Mr. Churchill said that the British position with regard to Italy was not quite the same as that of his two honored colleagues. The British had been attacked by Italy in June 1940. They had suffered very heavily in naval losses in the Mediterranean and heavy losses in Africa at a moment when they were in very grave danger themselves. Their losses in warships in the Mediterranean had been very heavy, as had been their land casualties on the North African shore, when Italy put troops in there. Moreover, without help they had had to undertake the campaign in Abyssinia which had restored the Emperor to his country. Detachments of Italian planes had also been sent to bombard London. It should also not be forgotten that Italy had made a dastardly attack upon Greece; just before the war began Italy had made a lawless attack upon Albania and had seized that country. All this had occurred when the British were alone. He [Page 170] said he mentioned this because he thought it should be remembered and in order that it could not be said that they had not suffered most grievously at the hands of Italy. Moreover, he was bound to state that they could not acquit the Italian people of responsibility any more than they could acquit Germany, because it had come under the control of Hitler. Nevertheless, they had endeavored to keep alive the idea of the renewal of Italy as one of the important powers in Europe and the Mediterranean. When he had gone there a year ago he had made a series of proposals to President Roosevelt, the bulk of which with some improvement made by the President were embodied in a joint declaration.12 He had said this to show that he was not against Italy nor motivated by a feeling of vengeance. When it was agreed, as was decided at Tehran,13 to divide the Italian fleet between the three powers, or that if a division were not made the Soviet Union would receive a corresponding number of ships, of the fifteen ships provided the British had contributed fourteen, including the HMS Royal Sovereign and four submarines of a new type. He repeated that he mentioned all this to show the injuries they had received and that they were prepared to proceed in a broad manner with respect to the question of Italy’s future.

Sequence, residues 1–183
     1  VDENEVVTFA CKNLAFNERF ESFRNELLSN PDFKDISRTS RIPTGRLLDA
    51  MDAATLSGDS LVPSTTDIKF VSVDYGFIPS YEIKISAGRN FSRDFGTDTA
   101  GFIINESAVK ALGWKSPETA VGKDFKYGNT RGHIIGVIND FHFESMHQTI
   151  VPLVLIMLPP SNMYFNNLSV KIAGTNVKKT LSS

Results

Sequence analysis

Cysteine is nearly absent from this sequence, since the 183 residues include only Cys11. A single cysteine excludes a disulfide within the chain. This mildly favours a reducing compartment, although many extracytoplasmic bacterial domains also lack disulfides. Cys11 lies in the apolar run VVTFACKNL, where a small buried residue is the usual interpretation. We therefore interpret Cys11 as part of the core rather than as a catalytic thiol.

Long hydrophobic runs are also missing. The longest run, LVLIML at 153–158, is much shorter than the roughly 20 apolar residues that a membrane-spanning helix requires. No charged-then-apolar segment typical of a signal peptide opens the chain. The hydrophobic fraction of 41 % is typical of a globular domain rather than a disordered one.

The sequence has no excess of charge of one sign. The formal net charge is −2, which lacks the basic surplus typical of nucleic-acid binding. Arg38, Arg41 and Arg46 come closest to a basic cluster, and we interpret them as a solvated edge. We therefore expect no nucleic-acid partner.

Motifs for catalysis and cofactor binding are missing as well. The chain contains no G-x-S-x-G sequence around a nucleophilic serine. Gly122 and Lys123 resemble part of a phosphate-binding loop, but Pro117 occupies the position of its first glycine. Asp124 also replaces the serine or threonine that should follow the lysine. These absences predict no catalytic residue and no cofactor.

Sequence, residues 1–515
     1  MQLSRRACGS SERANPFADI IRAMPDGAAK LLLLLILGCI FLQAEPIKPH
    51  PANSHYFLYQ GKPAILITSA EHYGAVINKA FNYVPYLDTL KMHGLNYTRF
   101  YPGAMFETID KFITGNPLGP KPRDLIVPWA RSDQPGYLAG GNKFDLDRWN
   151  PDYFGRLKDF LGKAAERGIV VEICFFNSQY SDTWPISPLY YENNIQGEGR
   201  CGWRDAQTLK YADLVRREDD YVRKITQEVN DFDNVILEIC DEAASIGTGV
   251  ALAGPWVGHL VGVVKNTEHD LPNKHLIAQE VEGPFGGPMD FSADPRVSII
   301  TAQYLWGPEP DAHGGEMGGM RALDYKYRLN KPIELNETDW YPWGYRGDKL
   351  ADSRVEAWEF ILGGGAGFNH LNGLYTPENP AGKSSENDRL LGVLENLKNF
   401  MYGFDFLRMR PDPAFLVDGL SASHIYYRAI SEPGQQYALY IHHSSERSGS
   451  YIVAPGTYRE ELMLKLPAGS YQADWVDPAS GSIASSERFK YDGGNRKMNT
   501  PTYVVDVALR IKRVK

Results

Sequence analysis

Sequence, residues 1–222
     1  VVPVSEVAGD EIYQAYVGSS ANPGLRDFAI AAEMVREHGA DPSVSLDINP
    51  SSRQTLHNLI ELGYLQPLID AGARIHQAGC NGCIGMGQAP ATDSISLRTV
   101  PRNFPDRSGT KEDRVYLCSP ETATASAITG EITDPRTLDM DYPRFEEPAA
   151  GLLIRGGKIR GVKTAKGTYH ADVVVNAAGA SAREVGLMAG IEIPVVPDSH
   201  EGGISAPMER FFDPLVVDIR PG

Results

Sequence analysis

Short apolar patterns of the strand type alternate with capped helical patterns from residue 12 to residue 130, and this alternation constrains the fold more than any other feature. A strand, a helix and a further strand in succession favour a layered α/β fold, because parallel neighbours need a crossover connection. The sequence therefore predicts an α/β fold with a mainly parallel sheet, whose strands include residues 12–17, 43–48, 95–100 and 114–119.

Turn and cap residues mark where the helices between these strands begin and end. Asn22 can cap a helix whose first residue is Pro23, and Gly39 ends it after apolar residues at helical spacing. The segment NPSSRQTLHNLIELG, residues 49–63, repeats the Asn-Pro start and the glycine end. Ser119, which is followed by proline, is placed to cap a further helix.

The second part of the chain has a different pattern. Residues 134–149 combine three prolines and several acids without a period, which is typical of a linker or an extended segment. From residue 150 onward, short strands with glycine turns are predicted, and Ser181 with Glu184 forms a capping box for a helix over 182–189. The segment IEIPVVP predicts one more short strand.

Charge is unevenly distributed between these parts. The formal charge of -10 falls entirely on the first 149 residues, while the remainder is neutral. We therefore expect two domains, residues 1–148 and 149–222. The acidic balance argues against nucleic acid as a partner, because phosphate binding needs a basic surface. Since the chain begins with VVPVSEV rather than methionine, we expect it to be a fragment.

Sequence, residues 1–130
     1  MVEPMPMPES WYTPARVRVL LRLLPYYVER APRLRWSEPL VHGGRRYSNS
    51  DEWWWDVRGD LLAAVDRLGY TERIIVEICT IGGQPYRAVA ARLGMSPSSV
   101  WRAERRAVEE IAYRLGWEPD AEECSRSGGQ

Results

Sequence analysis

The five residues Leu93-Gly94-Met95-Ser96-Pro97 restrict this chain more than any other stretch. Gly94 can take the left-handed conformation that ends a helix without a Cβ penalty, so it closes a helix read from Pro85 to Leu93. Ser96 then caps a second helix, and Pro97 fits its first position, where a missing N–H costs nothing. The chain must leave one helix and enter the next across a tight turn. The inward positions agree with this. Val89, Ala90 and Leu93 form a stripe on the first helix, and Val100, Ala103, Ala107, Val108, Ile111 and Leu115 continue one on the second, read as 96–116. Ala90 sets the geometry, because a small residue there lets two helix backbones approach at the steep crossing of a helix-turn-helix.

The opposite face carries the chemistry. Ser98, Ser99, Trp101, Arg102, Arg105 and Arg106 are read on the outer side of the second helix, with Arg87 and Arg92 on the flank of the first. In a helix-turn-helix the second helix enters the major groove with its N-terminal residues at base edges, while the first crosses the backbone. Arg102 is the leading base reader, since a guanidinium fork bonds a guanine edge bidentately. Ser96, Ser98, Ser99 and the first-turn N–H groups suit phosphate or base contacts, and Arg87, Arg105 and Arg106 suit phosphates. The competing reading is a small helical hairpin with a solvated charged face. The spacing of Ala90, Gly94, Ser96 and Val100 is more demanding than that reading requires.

He had seen it said that they were hostile to Italy. It had been said when they spoke against Count Sforza that they wished to see Italy plunged into misfortune. He repudiated these press statements. He spoke in the name of his government and with a clean heart. He was anxious to join with the President and the Marshal in the principle of making a gesture to the Italian people who have suffered terribly and have aided in expelling the Germans from their land.